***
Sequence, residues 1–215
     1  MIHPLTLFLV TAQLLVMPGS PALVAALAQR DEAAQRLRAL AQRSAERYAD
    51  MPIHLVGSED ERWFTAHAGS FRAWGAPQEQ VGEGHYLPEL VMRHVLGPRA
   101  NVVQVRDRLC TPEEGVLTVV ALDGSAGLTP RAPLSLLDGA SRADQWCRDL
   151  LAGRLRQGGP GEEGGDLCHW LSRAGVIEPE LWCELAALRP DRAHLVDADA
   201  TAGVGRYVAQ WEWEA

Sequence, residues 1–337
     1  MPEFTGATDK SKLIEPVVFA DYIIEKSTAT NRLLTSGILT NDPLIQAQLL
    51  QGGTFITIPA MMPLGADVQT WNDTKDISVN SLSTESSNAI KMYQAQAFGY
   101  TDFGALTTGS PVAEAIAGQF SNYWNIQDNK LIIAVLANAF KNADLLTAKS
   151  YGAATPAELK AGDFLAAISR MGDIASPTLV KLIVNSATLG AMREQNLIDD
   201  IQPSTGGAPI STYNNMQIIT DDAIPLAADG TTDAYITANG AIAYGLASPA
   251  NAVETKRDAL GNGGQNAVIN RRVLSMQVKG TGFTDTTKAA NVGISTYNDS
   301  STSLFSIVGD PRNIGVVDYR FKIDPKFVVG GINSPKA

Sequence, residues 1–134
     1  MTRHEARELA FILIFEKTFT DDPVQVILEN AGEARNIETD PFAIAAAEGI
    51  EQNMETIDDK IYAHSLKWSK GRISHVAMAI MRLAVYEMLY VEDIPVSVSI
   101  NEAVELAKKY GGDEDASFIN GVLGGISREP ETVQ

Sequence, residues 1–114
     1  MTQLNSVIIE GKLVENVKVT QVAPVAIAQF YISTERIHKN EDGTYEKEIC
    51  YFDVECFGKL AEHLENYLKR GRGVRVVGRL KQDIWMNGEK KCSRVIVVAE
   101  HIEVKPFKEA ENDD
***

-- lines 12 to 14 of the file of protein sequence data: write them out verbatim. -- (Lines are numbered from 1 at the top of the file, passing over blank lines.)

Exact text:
   201  IQPSTGGAPI STYNNMQIIT DDAIPLAADG TTDAYITANG AIAYGLASPA
   251  NAVETKRDAL GNGGQNAVIN RRVLSMQVKG TGFTDTTKAA NVGISTYNDS
   301  STSLFSIVGD PRNIGVVDYR FKIDPKFVVG GINSPKA